House debates

Thursday, 6 June 2013

Bills

Privacy Amendment (Privacy Alerts) Bill 2013; Second Reading

12:10 pm

Photo of Michael KeenanMichael Keenan (Stirling, Liberal Party, Shadow Minister for Justice, Customs and Border Protection) Share this | Hansard source

The Privacy Amendment (Privacy Alerts) Bill 2013 provides for mandatory notification of data breaches by entities regulated by the Privacy Act 1998 as amended last year. The measure outlined in this bill was recommended by the Australian Law Reform Commission in 2008. The bill will introduce new protections to help keep personal information more secure in this digital age and ensure that companies notify their customers if they suffer a data breach. Whilst the coalition supports the passage of this bill through the House, we reserve the right to move amendments following any recommendations made by the Senate Legal and Constitutional Affairs Committee, which will inquire into the bill in a thorough manner.

This bill seeks to improve consumer privacy protection and will keep personal information more secure in this digital age, as well as encourage agencies and private sector organisations to improve their data security. As more and more personal information is collected online by both government agencies and private companies, there is inevitably an increased risk of data breaches.

There have been a number of high-profile data breaches in recent years, including in April 2011 when 77 million PlayStation Network accounts were hacked. This apparently cost Sony millions of dollars in profit while their site was down for an entire month. This is viewed as the worst gaming community data breach of all time. The hacker has still not been found, yet the person gained access to over 12 million unencrypted credit card numbers as well as full names, postal addresses, passwords and email addresses.

In February of this year, the Australian Broadcasting Corporation's main website was hacked, resulting in almost 50,000 people's personal details being exposed online. As these types of data breaches become more prevalent, it is important that consumers know when their privacy has been breached and their personal details compromised because of a data security breach. The bill will seek to make it a requirement for organisations to notify any affected individuals if they have a data breach.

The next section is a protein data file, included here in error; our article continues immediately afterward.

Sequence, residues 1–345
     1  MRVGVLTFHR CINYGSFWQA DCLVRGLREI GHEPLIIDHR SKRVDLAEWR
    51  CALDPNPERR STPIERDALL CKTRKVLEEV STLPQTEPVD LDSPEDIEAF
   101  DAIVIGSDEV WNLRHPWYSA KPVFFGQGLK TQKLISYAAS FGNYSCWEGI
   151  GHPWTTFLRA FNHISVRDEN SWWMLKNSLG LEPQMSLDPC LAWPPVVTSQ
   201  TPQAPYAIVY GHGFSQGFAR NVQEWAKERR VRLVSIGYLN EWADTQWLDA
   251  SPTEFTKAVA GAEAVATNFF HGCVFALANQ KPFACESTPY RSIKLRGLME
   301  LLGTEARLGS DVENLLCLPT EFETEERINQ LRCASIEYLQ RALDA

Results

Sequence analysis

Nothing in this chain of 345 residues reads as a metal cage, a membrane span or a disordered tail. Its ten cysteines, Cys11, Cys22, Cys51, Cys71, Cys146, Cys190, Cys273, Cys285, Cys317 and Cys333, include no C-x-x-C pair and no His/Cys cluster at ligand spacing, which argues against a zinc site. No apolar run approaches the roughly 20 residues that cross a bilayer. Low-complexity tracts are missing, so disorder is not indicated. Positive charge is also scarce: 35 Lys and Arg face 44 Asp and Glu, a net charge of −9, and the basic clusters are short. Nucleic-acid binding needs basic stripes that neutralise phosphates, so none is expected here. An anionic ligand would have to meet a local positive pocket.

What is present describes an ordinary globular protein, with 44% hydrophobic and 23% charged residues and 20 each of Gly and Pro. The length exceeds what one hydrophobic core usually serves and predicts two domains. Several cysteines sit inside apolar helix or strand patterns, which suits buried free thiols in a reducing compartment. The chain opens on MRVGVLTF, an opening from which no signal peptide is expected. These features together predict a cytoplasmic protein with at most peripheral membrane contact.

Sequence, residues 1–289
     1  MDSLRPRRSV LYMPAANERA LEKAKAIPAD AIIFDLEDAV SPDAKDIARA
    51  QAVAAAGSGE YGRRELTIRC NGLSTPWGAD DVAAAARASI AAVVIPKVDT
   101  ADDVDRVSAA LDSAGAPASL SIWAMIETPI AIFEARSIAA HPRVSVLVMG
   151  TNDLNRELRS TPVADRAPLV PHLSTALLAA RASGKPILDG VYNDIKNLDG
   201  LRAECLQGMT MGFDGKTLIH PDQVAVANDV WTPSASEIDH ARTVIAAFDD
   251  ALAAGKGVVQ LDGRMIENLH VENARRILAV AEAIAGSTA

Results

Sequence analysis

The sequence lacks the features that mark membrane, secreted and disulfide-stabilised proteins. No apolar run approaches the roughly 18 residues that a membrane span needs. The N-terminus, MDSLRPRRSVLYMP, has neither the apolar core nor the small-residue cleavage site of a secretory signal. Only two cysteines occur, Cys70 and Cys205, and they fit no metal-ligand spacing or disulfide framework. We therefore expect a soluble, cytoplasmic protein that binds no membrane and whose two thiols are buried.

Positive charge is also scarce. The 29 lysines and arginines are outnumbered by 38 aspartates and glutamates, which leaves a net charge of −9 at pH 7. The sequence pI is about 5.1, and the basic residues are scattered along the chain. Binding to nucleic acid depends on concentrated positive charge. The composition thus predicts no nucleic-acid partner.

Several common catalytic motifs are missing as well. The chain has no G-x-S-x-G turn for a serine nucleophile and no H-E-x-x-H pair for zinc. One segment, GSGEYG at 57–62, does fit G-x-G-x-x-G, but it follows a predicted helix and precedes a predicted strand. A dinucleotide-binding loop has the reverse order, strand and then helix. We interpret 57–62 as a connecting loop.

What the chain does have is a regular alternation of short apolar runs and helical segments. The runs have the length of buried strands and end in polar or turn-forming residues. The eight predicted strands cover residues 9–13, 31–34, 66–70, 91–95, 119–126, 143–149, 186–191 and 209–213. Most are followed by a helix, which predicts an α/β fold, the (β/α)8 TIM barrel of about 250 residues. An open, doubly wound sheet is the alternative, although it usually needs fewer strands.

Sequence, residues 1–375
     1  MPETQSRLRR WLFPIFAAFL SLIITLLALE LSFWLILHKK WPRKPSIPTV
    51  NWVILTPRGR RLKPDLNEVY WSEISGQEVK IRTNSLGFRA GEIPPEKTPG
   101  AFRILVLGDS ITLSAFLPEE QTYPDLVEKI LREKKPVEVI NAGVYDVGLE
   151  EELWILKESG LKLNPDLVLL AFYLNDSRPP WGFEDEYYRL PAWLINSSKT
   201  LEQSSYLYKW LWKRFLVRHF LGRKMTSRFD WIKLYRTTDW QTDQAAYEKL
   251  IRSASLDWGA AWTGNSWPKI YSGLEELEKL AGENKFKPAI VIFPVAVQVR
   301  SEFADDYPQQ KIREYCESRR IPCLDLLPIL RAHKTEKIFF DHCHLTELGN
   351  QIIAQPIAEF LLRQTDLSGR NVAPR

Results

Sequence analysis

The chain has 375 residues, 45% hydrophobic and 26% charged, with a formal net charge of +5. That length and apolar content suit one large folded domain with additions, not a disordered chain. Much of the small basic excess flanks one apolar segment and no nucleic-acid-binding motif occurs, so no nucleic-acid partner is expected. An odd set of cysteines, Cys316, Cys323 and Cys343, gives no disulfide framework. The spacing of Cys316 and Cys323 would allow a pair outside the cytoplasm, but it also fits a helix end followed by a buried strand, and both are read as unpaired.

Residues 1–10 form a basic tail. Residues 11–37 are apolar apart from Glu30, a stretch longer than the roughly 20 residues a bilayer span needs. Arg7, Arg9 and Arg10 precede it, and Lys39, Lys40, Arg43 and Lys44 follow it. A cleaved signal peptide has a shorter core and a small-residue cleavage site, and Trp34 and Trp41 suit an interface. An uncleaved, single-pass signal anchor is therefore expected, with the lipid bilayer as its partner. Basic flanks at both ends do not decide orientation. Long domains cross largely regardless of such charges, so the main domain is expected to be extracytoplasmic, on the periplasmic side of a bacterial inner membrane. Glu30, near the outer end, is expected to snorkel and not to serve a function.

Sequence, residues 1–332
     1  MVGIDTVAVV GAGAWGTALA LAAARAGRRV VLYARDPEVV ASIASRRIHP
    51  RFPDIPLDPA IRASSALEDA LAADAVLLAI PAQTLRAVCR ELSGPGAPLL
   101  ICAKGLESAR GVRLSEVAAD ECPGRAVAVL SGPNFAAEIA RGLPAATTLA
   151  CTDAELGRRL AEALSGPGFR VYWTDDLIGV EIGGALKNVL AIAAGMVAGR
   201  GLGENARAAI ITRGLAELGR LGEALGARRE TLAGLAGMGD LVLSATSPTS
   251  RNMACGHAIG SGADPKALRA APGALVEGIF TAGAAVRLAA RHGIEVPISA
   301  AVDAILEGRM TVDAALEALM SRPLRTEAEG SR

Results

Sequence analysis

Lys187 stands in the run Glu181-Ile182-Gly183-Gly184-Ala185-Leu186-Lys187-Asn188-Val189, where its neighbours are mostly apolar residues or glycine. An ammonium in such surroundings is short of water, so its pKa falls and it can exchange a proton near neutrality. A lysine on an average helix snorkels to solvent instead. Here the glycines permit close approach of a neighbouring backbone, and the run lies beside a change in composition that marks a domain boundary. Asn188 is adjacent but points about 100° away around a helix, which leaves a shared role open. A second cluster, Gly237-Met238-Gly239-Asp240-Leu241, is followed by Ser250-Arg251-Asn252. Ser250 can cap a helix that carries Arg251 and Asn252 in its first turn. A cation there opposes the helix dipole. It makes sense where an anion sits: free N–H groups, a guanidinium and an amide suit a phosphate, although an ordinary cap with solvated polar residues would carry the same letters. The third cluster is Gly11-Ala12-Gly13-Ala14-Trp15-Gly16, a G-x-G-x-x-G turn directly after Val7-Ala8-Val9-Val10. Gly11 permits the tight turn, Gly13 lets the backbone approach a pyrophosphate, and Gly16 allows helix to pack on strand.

The Privacy Act was extensively amended last year to harmonise the privacy principles regime for the public and private sector, provide for positive credit reporting, establish a regime for voluntary and mandatory privacy codes and increase the range of remedies for privacy breaches. The measures contained in this bill are intended to commence on 12 March 2014, immediately after the measures in the 2012 amendments.

The bill proposes that a mandatory data breach notification be sent to the affected person and the Privacy Commissioner if certain personal information is accessed, copied, obtained or modified by unauthorised persons. The personal information to which the regime is intended to apply is information of a type the unauthorised use or disclosure of which could give rise to a real risk of serious harm. This can include physical, psychological, financial or reputational harm. The regime does not apply to small businesses and intelligence agencies. A law enforcement agency that reasonably believes compliance would be likely to prejudice its law enforcement activities is able to seek exemption on a case by case basis.

There have been some possible issues identified with this bill and I wish to emphasise that the government would be wise to wait for the Senate Legal and Constitutional Affairs Committee to complete their inquiry and hand down their report on 24 June. There is widespread concern that the code process mandated under the 2012 amendments is facing a logjam in the Office of the Privacy Commissioner and with other regulators. The coalition has been informed that there is little confidence the transitional arrangements and consumer education campaign will be in place by September as required. This will have an adverse effect on the legislated commencement date for the scheme proper. As I foreshadowed, the coalition reserves the right to propose amendments following any issues that are identified by the Senate committee inquiry.

As more and more Australians provide their personal information to online organisations it is essential that these organisations have a certain level of responsibility when it comes to storing this information securely and reporting any data breaches to those customers that are affected. This bill will provide an incentive for businesses to keep their customers' personal information safe and secure. Whilst the coalition supports the broad principles in this bill there are still some concerns that require thorough investigation. That is why the coalition will wait for the Senate committee's report into this bill, and we reserve the right to propose appropriate amendments. I recommend that the government do wait for that Senate committee report to be handed down, and that should still give the government time to have the legislation passed before this parliament concludes.

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